The oxidation of elemental sulfur (So) to sulfate sulfur (SO4) in soil is a biological process and is carried out by several kinds of microorganisms. The rate at which this conversion takes place is determined by three main factors:
- the microbiological population of the soil;
- the physical properties of the So source; and
- the environmental conditions in the soil.
Microbiological population in the soil
Most agricultural soils contain some microorganisms that can oxidize So. However, the most important organisms in this respect are a group of bacteria belonging to the genus Thiobacillus. It’s the number of these bacteria that generally determines the degree to which So is converted to SO4 in soils, and there can be large differences between soils in the population density of Thiobacillus. Under laboratory conditions, researchers can markedly increase the rate of So oxidation in some soils by inoculation with Thiobacillus. However, under field conditions, inoculation has not been found very effective.
When a source of So is added to a soil, it generally stimulates the growth of S-oxidizing bacteria, and the population of these organisms increases.
Physical properties of the So source
The physical property that has by far the greatest effect on the rate of So oxidation is particle size. The finer the particle size, the larger the surface area exposed to soil microorganisms and the more rapid the oxidation process. Table 1 clearly shows this effect of particle size.
A mesh of 5 to 15 is roughly the size range of blended fertilizers — sizes so large that S particles in that range oxidize to SO4very slowly. For So to oxidize to the plant-available SO4 form at even moderate rates, it must be of a very fine particle size. But finely divided S is very difficult to handle, in addition to posing a fire hazard under some conditions. These obstacles would seem to largely rule out So as a fertilizer material. However, fertilizer manufacturers have developed techniques to improve So’s handling characteristics and agronomic effectiveness. First they grind So to a very small particle size range and then agglomerate it to a size compatible with granular fertilizer materials. About 10 to 15 percent of expandable clay is added during the agglomeration process. The resulting material is more easily handled than finely divided S. In theory, when such a particle is applied to a soil, it comes in contact with soil moisture. As this moisture is absorbed by the particle, the clay expands, which in effect breaks the particle down into a much finer size range. The rate of oxidation to SO4increases accordingly. When discussing Sofertilizers from here forward, it’s assumed the particles has been manufactured to break down rapidly on contact with soil moisture.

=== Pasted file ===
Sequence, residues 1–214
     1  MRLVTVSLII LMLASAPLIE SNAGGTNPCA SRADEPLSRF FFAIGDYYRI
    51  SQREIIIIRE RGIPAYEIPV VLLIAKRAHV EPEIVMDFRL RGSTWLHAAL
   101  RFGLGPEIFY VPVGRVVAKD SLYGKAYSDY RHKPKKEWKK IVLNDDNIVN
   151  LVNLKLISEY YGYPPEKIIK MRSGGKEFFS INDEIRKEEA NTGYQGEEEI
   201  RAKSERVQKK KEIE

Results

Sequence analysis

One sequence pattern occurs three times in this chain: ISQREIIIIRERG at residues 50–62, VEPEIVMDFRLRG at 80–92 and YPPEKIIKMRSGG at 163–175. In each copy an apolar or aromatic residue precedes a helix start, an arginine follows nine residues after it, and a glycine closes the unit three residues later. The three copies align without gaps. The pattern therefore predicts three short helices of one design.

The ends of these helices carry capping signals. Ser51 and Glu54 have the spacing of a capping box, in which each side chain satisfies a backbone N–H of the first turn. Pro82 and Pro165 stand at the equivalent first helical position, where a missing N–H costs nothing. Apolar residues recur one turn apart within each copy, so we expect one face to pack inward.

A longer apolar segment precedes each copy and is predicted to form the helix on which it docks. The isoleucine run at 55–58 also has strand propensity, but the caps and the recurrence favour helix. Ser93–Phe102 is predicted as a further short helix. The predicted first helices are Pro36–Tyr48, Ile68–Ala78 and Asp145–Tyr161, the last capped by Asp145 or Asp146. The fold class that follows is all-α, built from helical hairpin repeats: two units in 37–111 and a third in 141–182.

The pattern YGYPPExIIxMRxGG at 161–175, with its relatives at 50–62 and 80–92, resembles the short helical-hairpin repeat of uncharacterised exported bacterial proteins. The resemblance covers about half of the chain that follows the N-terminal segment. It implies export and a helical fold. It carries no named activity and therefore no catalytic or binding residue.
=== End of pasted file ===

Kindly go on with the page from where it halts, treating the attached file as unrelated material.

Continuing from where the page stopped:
Environmental conditions in the soil
Since the oxidation of So to SO4 is a biological process, conditions must favor growth of the organisms in order for oxidation to proceed at optimum rates. The following environmental conditions have proved influential on the rate of So oxidation:
· Soil moisture and aeration
· Soil pH
· Fertility status of the soil
Like most biological processes, So oxidation decreases at both low and high temperatures. Most studies have shown relatively low rates of oxidation below 55 to 60oF, and steady increases in oxidation rates up to 100oF. At temperatures above 130 to 140 degrees, oxidizing bacteria die. All things considered, the optimum temperature range for oxidation is 75 to 105oF. Figure 1 shows the marked effect of temperature on oxidation rates of So.
Soil moisture and aeration
Most So-oxidizing bacteria require oxygen: Any condition that restricts the oxygen supply in a soil will reduce the activity of So-oxidizing bacteria. Oxidation of So is most efficient at moisture levels close to field moisture capacity. Both waterlogging and excessively dry conditions greatly reduce the rate of So oxidation.
Most Thiobacillus organisms thrive best under acid soil conditions. When a fertilizer source of So is applied to a soil, oxidation occurs most rapidly under acid conditions.
Fertility status of the soil
Sulfur-oxidizing bacteria require most — if not all — of the nutrients required by plants. It’s not surprising, therefore, that oxidation of So proceeds more rapidly in fertile soils. The bacteria and plant roots compete for nutrients, causing temporary nitrogen (N) deficiencies in plants under high So oxidation rates. Thiobacillus requires ammonium rather than nitrate N. High soil nitrate levels can be toxic to the bacteria.
What does all this mean for using these two forms of So in fertility programs? Since all S absorbed by plants is in the SO4form, SO4 fertilizer sources are immediately available for plant uptake. And since all So sources must undergo conversion to SO4 in the soil, a certain time lag occurs between application and absorption through the root system. Any soil or climatic condition that suppresses the oxidation process will, obviously, extend the time lag. For this reason, when differences are observed between the effectiveness of these two chemical forms of S, the SO4 forms usually outperform So forms. The trials with wheat in Arkansas mentioned previously are a case in point. Table 2 compares the effectiveness of SO4 over So at various application rates in these trials.
Treatments were applied to wheat exhibiting S deficiency symptoms in the Spring (May), and plant analysis samples were collected three weeks later. Judging by the S levels in plant tissue, three weeks was clearly not enough time for So oxidation under the existing conditions.